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Johnson County

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Johnson County
11811 S. Sunset Drive
Suite 1500
Olathe, KS 66061

Office Hours:

Monday - Friday,
8:30 a.m. - 5 p.m.

(913) 715-7000
(913) 715-7005 fax

Map to our office

K-State Research and Extension is committed to making its services, activities and programs accessible to all participants. Reasonable accommodations for persons with disabilities may be requested by contacting Johnson County Extension at (913)715-7000. Notify staff of accommodation needs as early as possible.

Kansas State University Agricultural Experiment Station and Cooperative Extension Service

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Caring for Spring Bulbs

Return to Flowers articles.  

Daffodils as they emerge

Sitting outside my office window, tucked away in inconspicuous landscaping, I’ve watched as tiny tufts of blue-green foliage pop up from the ground over the last couple of weeks. The daffodils aren’t supposed to be in this particular spot. The plant life surrounding our office building is meant to be ‘an example of native flora.’ Narcissus, cheerful and pretty as they are, are native to northern Europe.

Nevertheless, this mandate did not deter a certain green-thumbed rebel savant rockstar of the past who shall remain unnamed. Somehow, they worked their magic and snuck the plants in. Winters here are harsh, and they knew all too well the benefits that accompany spring color. There’s something to be said about ornamental plants that introduce color and color into a colorless world. Even after the bluest of winters, they remind us spring will return.

A few factors should be considered when caring for spring bulbs as they bloom in the coming weeks and months. As with all plants, proper watering, fertilization, and planning for next year ultimately helps optimize their performance.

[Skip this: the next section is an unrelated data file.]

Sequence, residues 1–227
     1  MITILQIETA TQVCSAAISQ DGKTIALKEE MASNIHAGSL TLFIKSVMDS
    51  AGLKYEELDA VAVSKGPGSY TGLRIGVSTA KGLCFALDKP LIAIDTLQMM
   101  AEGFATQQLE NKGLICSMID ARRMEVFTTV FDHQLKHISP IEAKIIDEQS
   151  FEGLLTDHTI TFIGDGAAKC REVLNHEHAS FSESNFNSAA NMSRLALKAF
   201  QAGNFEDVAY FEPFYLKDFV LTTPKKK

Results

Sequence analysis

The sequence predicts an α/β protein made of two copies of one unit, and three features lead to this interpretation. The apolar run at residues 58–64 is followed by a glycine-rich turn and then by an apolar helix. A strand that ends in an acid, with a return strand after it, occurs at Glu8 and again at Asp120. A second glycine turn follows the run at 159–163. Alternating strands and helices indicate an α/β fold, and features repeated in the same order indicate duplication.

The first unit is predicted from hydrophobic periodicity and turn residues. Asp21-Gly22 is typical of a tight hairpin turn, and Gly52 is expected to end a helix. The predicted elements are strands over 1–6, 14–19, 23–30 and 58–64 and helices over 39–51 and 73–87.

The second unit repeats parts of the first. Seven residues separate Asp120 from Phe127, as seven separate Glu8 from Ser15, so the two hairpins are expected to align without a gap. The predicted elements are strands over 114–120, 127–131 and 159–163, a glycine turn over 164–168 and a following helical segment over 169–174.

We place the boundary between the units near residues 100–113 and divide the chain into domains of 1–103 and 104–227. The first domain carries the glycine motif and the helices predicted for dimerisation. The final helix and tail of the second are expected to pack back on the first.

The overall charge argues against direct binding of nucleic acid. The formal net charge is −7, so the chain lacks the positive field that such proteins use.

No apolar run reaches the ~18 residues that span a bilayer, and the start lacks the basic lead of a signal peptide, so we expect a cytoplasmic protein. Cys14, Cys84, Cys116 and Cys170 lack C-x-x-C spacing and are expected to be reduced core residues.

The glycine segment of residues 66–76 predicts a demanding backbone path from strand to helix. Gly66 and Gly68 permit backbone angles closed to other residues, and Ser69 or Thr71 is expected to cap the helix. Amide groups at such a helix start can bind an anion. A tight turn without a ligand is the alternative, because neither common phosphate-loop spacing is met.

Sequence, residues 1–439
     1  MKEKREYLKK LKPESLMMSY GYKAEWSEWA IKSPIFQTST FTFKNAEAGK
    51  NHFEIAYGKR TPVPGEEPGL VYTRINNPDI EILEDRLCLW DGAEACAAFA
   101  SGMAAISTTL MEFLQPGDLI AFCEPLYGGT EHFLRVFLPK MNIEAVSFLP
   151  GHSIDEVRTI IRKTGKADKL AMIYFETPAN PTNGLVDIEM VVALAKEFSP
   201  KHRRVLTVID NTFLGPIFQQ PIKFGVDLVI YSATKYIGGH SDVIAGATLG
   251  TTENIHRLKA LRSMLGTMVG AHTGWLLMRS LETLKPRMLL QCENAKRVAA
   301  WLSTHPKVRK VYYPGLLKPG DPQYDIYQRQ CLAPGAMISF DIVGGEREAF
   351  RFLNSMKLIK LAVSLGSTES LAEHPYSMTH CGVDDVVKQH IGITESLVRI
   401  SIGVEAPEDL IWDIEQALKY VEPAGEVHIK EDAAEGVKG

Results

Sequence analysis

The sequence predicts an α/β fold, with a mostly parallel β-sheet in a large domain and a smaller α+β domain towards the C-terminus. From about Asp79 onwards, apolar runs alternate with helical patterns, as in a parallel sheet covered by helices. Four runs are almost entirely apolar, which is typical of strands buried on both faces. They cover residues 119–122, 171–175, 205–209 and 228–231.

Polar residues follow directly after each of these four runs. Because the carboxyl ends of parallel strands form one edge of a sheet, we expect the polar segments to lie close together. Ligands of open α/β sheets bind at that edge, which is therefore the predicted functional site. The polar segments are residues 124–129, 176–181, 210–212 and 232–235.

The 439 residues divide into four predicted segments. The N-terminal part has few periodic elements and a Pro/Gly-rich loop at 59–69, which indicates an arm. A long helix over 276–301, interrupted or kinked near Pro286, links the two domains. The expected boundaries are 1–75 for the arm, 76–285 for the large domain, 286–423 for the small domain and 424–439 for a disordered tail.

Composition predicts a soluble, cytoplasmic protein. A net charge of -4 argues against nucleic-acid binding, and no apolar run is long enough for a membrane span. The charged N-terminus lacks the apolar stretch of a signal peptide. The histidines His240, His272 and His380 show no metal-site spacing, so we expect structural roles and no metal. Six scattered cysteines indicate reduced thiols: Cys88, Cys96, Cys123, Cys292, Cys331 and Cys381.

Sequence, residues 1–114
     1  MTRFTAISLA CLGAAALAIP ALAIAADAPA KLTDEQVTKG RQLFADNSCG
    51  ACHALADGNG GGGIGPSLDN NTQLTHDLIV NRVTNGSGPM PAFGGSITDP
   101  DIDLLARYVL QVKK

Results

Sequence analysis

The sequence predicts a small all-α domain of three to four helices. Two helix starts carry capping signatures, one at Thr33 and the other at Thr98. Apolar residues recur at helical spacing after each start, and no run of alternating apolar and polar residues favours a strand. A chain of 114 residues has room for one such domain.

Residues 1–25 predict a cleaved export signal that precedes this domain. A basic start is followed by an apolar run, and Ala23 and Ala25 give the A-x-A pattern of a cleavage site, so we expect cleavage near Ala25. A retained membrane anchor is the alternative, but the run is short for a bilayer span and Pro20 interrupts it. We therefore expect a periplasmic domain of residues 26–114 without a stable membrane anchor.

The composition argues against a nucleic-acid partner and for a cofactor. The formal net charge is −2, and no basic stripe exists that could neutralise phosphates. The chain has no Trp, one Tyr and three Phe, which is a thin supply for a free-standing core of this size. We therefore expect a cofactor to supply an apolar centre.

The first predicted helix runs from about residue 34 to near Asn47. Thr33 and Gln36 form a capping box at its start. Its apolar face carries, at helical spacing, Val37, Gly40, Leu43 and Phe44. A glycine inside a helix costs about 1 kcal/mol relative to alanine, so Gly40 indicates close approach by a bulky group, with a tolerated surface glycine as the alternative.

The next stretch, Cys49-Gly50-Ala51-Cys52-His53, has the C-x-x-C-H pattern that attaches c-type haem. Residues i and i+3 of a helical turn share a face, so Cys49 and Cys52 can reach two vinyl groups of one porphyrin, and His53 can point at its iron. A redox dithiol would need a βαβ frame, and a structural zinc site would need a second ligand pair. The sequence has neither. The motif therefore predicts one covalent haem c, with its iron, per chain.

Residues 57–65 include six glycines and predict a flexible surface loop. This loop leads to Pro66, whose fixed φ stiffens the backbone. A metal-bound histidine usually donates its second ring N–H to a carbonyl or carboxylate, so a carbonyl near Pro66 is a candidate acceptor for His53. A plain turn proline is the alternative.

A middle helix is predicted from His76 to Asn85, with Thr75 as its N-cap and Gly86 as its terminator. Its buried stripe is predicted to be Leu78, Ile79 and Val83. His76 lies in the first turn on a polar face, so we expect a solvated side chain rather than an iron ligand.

When watering bulbs, aim to supply moist but not saturated soil, and remember that bulb rot is a common disease that will quickly equate to plant death with too much moisture. On the safer side, it is better to allow the soil to become slightly dry between waterings of spring bulbs, like how one would water cacti or succulents, but to a lesser extreme.

When fertilizing spring bulbs, the important factor to remember is they need to be fed before they begin flowering. Fertilized after a bloom has formed, the plants are already dying back for the year and no longer actively growing. Thus, any fertilizer put down will only benefit plants grown in that location afterward.

If you have not performed a soil test on your garden area to know the precise nutrients that are currently lacking, a process your local Extension office can help accommodate, a general low-range slow-release fertilizer such as a 13-13-13 will suffice for feeding the plants. In most bulb gardens, nitrogen will be the most essential supplement requiring refurbishment in the spring, as this nutrient is actively utilized and used up by growing plants. Spring bulbs, however, will also require an ample supply of phosphorus for root and bud development. This will become essential if aiming to have your bulbs perennialize.

Another maintenance must when aiming for perennialization will be allowing the bulbs' foliage to die back to the ground after the plants have completed flowering and blooms have dropped. The nutrients still contained within the leaves will redirect, back down into the bulbs, giving them enough energy to root and regenerate through the coming growing season and following winter. Bulbs, properly nourished, will herald the arrival of spring yet again.

Daffodils in bloom